The Art of Tetman Callis

Some of the stories and poems may be inappropriate for persons under 16

The Art of Tetman Callis header image 2

Worn out, torn down, broken, shattered, wasted away

May 12th, 2016 · No Comments

“Most [combat exhaustion] patients were treated as temporarily disabled and kept close to the front, to preserve their self-respect and emotional links to their unit. Division clearing stations now usually included a psychiatrist . . . exhausted patients often were put into a deep sleep, sometimes for days, with ‘Blue 88s,’ sodium amytal or nembutal capsules. Of every one hundred exhaustion patients hospitalized in the European theater, ninety returned to duty in some capacity, although many were finished as killer riflemen. . . . neither competent treatment nor all the Blue 88s in Europe could efface war’s capacity to fracture men’s psyches. . . . Most experts concluded that soldiers wore out for good after 200 to 240 days of battle, although two psychologists monitoring the advance into Germany posited that a GI’s combat skills began to decline after a month of fighting, with many ‘close to a vegetative state’ after forty-five days.” – Rick Atkinson, The Guns at Last Light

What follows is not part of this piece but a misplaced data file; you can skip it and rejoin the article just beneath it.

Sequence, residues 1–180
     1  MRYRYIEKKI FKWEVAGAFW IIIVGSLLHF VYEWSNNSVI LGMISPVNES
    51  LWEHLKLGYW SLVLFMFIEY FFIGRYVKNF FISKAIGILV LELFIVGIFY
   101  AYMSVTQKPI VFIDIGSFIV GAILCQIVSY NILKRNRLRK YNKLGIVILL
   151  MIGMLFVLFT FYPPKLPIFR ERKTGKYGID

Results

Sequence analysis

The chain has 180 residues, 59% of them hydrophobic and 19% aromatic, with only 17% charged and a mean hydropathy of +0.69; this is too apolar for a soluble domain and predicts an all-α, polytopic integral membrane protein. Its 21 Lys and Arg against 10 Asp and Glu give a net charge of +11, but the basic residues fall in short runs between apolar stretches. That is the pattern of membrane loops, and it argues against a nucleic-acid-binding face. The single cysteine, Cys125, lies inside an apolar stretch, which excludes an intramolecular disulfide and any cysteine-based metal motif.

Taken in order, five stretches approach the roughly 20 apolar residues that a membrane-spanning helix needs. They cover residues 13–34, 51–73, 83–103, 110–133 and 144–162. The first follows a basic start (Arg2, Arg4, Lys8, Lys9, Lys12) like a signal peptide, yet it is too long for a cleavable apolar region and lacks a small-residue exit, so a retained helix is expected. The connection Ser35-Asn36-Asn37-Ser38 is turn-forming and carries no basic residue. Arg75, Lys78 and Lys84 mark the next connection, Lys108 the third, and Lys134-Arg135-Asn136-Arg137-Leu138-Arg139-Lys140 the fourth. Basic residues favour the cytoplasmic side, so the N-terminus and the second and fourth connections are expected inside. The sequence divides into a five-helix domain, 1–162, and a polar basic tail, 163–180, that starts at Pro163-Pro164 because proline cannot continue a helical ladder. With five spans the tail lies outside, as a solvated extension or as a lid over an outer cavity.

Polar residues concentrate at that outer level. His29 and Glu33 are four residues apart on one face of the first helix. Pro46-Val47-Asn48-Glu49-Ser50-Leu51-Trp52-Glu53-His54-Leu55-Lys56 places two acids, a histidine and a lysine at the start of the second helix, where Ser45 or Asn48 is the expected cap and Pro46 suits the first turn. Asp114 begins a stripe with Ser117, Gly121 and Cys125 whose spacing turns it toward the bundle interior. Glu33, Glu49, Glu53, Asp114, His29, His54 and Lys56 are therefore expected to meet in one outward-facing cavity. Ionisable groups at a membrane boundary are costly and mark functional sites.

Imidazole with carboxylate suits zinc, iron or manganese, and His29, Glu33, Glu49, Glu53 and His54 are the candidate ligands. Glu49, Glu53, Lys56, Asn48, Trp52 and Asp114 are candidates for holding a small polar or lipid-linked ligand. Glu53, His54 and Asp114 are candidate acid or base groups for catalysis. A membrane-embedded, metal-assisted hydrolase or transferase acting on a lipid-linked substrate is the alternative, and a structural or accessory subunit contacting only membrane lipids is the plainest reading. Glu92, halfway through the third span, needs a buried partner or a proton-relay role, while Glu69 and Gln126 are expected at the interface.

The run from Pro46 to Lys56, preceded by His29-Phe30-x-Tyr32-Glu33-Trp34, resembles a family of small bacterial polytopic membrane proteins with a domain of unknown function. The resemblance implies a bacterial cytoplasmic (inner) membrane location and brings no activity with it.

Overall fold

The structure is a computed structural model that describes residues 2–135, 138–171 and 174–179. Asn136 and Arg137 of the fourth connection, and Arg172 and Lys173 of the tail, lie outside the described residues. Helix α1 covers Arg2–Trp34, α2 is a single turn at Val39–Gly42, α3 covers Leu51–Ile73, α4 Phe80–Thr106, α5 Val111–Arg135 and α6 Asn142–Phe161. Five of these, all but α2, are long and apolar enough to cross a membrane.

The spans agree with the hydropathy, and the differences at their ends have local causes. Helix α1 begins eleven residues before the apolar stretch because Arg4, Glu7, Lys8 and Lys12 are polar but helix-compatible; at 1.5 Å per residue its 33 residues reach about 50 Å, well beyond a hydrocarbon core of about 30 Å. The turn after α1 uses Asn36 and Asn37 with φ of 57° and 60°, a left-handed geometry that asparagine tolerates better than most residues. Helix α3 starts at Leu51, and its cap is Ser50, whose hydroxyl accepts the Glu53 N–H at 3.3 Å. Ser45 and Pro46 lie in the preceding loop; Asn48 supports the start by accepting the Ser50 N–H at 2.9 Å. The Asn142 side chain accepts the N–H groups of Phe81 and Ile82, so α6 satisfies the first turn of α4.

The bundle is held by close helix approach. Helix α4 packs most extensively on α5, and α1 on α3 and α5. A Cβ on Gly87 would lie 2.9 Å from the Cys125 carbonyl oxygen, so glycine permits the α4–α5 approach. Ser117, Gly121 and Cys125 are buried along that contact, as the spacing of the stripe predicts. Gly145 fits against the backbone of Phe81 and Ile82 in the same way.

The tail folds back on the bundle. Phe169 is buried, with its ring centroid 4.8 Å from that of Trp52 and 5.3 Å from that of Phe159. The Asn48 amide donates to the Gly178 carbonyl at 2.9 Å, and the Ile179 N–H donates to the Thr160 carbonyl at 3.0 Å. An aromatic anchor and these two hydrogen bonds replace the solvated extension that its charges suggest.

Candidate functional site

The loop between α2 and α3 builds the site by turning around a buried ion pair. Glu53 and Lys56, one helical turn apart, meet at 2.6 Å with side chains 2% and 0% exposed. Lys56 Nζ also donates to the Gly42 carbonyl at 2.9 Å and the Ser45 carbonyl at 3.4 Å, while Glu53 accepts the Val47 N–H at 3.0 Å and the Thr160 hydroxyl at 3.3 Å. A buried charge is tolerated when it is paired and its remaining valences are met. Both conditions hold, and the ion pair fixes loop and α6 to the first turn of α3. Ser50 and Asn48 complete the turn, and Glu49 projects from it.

Tags: Economics · The Second World War

0 responses so far ↓

  • There are no comments yet...Kick things off by filling out the form below.

Leave a Comment